Submitted by Kim Spring, Fleetistics Business Analyst
Choosing the right commercial fleet dashcam technology today can be as hard as ordering off the 15-page menu at The Cheesecake Factory. There are many vendors that offer a plethora of options to choose from. Instead of focusing on brands of dashcams, in today’s blog, we will discuss some of the different features and benefits of different fleet dashcam technology to help guide you to choose the best dashcam for your fleet needs.
Fleet Dashcam “Must Have” List
The first step in determining what dashcam technology will work best for your fleet is to weed through the “must haves” and “don’t need” items. We recommend that the personnel involved in selecting the technology get together and determine the top 3-4 features that are going to maximize productivity and profitability with fleet dashcams. Some examples are front/forward facing cameras, AI technology, and safety vs. Insurance features. Having too many “must haves” may make it impossible to move forward. If you start with too many requested features, there may be no single solution that fits the mold. Once the “must haves” have been determined, it is also good to have a few “wants” or “would like to have” items so that as your organization grows, you know the fleet dashcam technology can continue to grow with you. This is an investment and the dashcams should continue to meet your ever-expanding company needs. We recommend this two-step process to our clients, and it is one of the reasons that Fleetistics offers a variety of options. One size does not fit all.
Your Goals For Fleet Dashcam Technology
Understanding what your goals are will help guide your organization toward the closest fit fleet dashcams available in today’s market. There are four traditional types of cameras:
- Forward-Facing – Mounted on the windshield. Designed to capture collisions.
- Dual-Facing – Mounted on the windshield. Designed to capture collisions as well as in-cab activity.
- Exterior – Mounted on the exterior of the vehicles to capture a 360º view of the surrounding road.
- Interior – Typically mounted in various places inside the vehicle or trailer to keep passengers or cargo safe and secure.
Once you understand these basics of fleet dashcam technology, there are additional features available and things to consider from a benefits perspective. If your organization is simply looking for dashcams for insurance purposes then a simple dual-facing camera would work without the bells and whistles. If the objective is safety, then a more robust solution that includes features such as AI (artificial intelligence) technology to pinpoint coachable behavior like cell phone usage, falling asleep at the wheel, and other distracted driving would be more appropriate. Back-up cameras are available with some systems as well.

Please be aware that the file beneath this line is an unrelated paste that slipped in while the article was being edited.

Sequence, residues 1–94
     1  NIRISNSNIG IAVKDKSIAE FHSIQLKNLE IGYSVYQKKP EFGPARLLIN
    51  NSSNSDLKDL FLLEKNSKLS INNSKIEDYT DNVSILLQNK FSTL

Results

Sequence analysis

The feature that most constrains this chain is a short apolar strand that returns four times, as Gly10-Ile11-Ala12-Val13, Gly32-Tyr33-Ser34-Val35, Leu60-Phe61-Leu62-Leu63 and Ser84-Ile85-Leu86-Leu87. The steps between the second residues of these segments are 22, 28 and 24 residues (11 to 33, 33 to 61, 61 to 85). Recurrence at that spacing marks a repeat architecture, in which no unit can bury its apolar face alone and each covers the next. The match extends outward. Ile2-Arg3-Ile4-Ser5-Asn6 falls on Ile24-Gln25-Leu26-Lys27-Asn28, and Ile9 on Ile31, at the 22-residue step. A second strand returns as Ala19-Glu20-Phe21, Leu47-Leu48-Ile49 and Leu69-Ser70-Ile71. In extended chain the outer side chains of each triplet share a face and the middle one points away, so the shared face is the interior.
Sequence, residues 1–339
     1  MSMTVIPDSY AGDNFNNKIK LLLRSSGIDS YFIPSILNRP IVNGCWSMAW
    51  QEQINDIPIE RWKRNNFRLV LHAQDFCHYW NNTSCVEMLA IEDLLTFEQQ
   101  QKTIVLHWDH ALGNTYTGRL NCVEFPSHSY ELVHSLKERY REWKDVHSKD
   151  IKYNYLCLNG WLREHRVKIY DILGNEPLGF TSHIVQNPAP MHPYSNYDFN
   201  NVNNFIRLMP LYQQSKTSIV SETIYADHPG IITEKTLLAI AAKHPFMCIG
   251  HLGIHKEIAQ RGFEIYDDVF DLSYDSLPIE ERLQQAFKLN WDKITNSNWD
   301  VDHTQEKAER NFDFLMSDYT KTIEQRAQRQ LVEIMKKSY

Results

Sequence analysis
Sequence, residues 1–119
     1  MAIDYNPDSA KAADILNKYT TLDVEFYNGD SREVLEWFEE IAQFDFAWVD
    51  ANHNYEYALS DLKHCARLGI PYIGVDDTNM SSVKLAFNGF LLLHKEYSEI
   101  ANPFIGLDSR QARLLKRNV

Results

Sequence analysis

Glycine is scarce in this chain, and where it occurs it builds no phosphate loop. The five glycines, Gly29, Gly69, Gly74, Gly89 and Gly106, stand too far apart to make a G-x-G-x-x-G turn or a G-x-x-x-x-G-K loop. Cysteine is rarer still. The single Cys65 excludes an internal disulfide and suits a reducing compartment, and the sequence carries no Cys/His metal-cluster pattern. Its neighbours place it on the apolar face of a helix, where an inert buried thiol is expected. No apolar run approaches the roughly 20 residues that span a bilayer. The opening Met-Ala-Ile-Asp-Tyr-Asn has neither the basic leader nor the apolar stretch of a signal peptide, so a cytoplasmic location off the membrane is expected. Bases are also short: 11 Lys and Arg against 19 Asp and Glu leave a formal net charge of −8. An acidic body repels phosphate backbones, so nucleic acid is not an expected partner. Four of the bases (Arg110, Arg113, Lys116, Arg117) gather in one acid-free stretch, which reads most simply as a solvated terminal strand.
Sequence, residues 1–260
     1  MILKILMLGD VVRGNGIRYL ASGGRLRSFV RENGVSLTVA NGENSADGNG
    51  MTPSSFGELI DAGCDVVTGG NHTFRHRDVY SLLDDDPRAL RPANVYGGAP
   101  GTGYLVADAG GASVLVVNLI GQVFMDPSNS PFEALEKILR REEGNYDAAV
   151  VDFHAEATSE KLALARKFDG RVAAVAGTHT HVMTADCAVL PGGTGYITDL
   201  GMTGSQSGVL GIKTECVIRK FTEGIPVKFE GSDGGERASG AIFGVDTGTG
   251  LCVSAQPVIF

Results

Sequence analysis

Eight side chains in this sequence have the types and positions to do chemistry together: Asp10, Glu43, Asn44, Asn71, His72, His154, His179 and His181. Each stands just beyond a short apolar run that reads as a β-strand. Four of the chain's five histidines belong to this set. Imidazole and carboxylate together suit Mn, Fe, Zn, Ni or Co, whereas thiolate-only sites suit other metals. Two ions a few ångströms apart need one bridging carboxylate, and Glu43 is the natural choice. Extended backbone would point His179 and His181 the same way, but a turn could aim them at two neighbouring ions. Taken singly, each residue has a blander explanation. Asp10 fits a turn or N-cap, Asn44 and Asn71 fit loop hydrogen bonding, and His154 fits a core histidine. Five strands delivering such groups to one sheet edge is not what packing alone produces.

Other considerations to consider are as follows:
- Installation – How difficult will the installation be? Do we have capable staff members or should we hire an expert installation technician (recommended)?
- Storage needed – Some solutions (but not all) pool data meaning if one vehicle goes over but another is under, you would not go over the total data plan. Other solutions have set data plans per camera and may incur overage charges.
- Reports – What type of reporting is expected from the solution? Many solutions offer event reporting based on programmed rules.
- Integration – Is there an API available to use the camera data in other systems you use?
Investing For Maximum ROI
Finally, it is also important to consider the investment. Dashcam data typically ranges from a low end of $13.00 per month to as high as $50 or more per month (per vehicle). That does not include the dashcam hardware cost. There are some SaaS models available that have a lower initial investment and build the hardware price into the monthly cost per vehicle. Fleetistics recently introduced the first ever Pay-as-You-Go plan. This offers the same functionality as our standard plan without automatic uploads at a very low monthly base rate + cost per MB used. This is a great option for organizations new to cameras that aren’t sure how much data they will use, and don’t plan to look at the camera data unless it is needed like in the event of a collision. It allows you to pay only for the data you actually use.